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Five chosen for Mountain Festival court

Local ladies represent the best of Sandy on five-generation court at this year's event


Meet the Sandy Mountain Festival’s Five Generation Court of 2016.

Four princesses and one queen are selected each year. This year’s Queen, a category for women age 65 and older, is Nancy Gregson-Spencer. Princess No. 1, a category for women age 45 to 64, is Kari Manzano. Princess No. 2, a category for women age 25 to 44, is Kirsten Pitzer. Princess No. 3, a category for women age 14 to 24, is Stephanie Saul. Princess No. 4, a category for young ladies age 7 to 13, is Jordan Lundeen.

The Five Generation Court was established to recognize and honor the civic commitments of five special Sandy women. The court is chosen by a community nomination process, with the Sandy Mountain Festival board ultimately selecting the queen and princesses, said Lynette Proctor, the court coordinator. Special attention is paid to a nominee’s volunteer involvements and their roots in the community.

“It’s a great honor to be a part of it,” Proctor said of the court.

Gregson-Spencer traces her family’s ties to the area to 1917, when her family moved to Boring. A retired high school teacher and current substitute teacher for the Oregon Trail School District, she is a board member at the Sandy Historical Society, where she works in the imaging archives. She attends Eagle Creek Presbyterian Church and has two grandchildren in Tigard. CONTRIBUTED PHOTO - Nancy Gregson-Spencer

Manzano was born and raised in Sandy. Her father, Ken Hallgren, is owner and funeral director of Sandy Funeral Home, and her husband, Carlos, works for the city of Sandy as a part of SandyNet. She’s no stranger to the court, either: Her mother, sister, two nieces and daughter Isabelle have all served on it. Manzano works for the Sandy Chamber of Commerce, is a part-time teacher for Joyful Noise Preschool in Sandy and is also an OTSD substitute teacher. The mother of three is active with Sandy Kiwanis. CONTRIBUTED PHOTO - Kari Manzano

Pitzer was also born and raised in Sandy, although she moved away and returned to the area 16 years ago. She is a mother of six, with her children ranging in age from 8 to 22. She’s active in her church, Living Word Fellowship in Boring, and serves on the executive board of the Sandy Community Action Center. She’s also involved with fundraising for Sandy High School’s Senior All-Night Party.CONTRIBUTED PHOTO - Kirsten Pitzer

Stephanie, 17, and a senior at SHS, is active with her school’s Health Occupations Students of America (HOSA) club and will attend George Fox University in Newberg to study nursing. She has played the flute for seven years, and is a member of Sandy High’s band. She also is the No. 1 varsity player on the girls’ golf team. With Sandy Baptist Church, she has traveled three times to Mexico on spring break to build houses for needy families and led her team’s project on her most recent visit.CONTRIBUTED PHOTO - Stephanie Saul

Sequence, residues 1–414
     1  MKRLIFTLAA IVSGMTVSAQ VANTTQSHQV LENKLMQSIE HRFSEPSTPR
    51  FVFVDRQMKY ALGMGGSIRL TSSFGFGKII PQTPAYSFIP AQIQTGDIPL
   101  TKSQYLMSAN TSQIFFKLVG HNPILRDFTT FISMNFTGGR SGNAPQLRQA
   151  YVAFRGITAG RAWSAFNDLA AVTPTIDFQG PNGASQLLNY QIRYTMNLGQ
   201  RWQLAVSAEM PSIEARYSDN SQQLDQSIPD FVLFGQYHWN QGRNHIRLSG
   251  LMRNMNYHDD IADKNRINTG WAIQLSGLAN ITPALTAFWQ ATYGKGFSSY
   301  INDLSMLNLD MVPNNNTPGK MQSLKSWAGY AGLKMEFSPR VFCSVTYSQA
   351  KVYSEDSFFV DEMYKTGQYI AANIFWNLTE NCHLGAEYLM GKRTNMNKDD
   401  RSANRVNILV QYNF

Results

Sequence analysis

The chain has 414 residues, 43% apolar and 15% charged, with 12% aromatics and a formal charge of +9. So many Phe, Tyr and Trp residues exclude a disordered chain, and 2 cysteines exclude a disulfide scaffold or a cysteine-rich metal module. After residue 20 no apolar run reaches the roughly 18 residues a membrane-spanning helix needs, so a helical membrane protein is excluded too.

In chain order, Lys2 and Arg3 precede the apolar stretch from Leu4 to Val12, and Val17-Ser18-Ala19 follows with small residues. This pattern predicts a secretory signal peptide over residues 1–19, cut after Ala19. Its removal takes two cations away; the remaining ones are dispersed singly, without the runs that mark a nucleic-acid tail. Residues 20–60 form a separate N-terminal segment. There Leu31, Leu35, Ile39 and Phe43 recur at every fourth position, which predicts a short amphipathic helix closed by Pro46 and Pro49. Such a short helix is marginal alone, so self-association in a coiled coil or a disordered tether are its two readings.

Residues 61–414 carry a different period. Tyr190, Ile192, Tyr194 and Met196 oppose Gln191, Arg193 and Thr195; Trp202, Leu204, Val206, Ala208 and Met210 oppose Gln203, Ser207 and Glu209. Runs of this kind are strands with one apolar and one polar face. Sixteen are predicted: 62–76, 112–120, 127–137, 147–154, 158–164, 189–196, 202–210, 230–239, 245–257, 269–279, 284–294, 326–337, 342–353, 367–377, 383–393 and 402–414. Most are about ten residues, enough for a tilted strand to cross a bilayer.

Jordan, 11 and a fifth grader at Kelso Elementary School, loves to play soccer and hike. She is also on the Maverick swim team at the Olin Bignall Aquatic Center. Jordan has regularly attended the festival in past years, volunteering at the Sandy Alumni Corn Booth. At school, she serves as bus buddy, a role in which she escorts kindergarteners from the bus into the building. And for her politeness and kindness, she has also been named a Kelso Student of the Month. CONTRIBUTED PHOTO - Jordan Lundeen

The court gives Sandy a chance to honor the pioneering spirit and traditions of the community, Proctor explained, as well as come together to celebrate what’s best about its residents.

“Being a part of this community is an awesome thing, because we have this great little town,” she said.

The court members will have responsibilities throughout the year, including attending ribbon-cutting ceremonies, area parades and Sandy’s Christmas tree lighting ceremony.

“I want them to have fun,” Proctor said.

A coronation celebration is being planned. Proctor is working to set a date, and hopes to possibly move the event to a larger venue than in past years — the previous coronation site was Clackamas County Bank — and expects the celebration to be sometime in early to mid-June.

“That’s all in the works,” Proctor said.

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